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That Time My Blessings Hid in Plain Sight at the Gym

That Time My Blessings Hid in Plain Sight at the Gym

Back of the legs and feet of a person on a stationary bicycle in a gym

When I rolled into the gym this morning, I was hoping to get on my favorite recumbent bike. It allows me to do a good lower body work out without using my arms or putting any stress on my right shoulder, which is recovering from rotator cuff surgery. 

No such luck. 

Both of “my” bikes were taken.

The gym’s rules are prominently posted throughout: “30-minute limit on all machines when others are waiting.”

A young woman was toweling herself off on one of the bikes, so I asked her if she was finishing or just starting.

“Just starting,” she answered quickly, but I was dubious.

I checked the sign-up sheet to see if I could reserve one of the bikes for later.

No luck.

Both would be in use throughout the morning, so I climbed onto an empty treadmill and had a productive half-hour workout.

When I finished, the woman on the bike was still peddling away with no sign of slowing down, let alone stopping.

I contemplated telling her about the 30-minute rule, as if she could not read the signs, or giving her “The Look,” a fearsome stare, according to congregants, delivered when something distracts me during services. (I’ve been working to retire it, though, because no one likes being on its receiving end.)

I refrained from giving her “The Look” and instead said nothing before I walked past her with my eyes down. In the next room, I did a little jump rope work, an exercise OK’d by my physical therapist at this stage of my rehab.

A short while later, I left the gym, still fuming at not being able to bike. Nasty thoughts circled in my head: “How could that b&*%h be so inconsiderate. I would bet dollars to doughnuts she had already been on the bike a half hour before I got there. Of all the nerve!”

Then, I stopped in my tracks. A young man walking into the gym was being guided by his caretaker. He was blind and had braces on his legs. He also had a smile on his face.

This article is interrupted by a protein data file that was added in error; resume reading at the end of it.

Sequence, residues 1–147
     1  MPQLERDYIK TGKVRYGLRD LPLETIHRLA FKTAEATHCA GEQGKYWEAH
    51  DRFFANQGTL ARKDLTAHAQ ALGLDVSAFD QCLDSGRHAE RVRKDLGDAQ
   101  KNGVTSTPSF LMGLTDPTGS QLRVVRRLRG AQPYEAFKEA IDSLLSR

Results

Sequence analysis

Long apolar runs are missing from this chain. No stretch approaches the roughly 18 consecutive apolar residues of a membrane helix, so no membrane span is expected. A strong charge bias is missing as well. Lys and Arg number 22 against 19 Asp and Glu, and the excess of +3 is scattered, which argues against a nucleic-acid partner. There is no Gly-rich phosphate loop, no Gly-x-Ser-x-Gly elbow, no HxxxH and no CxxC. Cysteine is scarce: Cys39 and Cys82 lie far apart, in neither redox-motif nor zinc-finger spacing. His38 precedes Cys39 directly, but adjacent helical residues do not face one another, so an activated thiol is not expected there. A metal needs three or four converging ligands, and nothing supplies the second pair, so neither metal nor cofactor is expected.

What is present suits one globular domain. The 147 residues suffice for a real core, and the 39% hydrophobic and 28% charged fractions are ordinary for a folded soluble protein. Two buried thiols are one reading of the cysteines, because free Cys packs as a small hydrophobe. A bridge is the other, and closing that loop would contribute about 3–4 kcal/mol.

I was so ashamed of myself I almost cried.

I had seen the young man before. His exercise routine consists primarily of being guided onto a treadmill and walking for a short while at about two miles per hour.

And there I was pouting because someone had overstayed her time on a machine I wanted to use.

In my work, I have seen countless people with debilitating handicaps focus on what they can do, not on what they cannot. Far too often and on this day, too, I come up short because of my own self-centeredness.

Each time, I am reminded of the now-famous sentiment attributed to various individuals: I cried because I had no shoes, then I met a man who had no feet.

Dear God, when will that lesson sink into my heart and my brain?!

One of my favorite prayers comes from the Havdalah service in the Reform Movement’s Shabbat Manual. Marking our leave taking from the joy and sanctity of Shabbat and the return to our day-to-day world, it reads: “Help me, O God, to distinguish between that which is real and enduring and that which is fleeting and vain!”

Petunia, or whatever your name is, I thought, “You can stay on that bike as long as you want. There are plenty of other things I can do.”

Rabbi Stephen Lewis Fuchs is a former president of the World Union for Progressive Judaism and rabbi emeritus of Congregation Beth Israel in West Hartford, CT. He currently serves Bat Yam Temple of the Islands in Sanibel, FL. A prolific writer, he is the author of several books, the most recent of which is Who Created God?:and Other Essays. Rabbi Fuchs earned a D.Min in Biblical Interpretation from Vanderbilt Divinity School, which, in 2017, named him its “Distinguished Alumnus of the Year.”

Rabbi Stephen Lewis Fuchs
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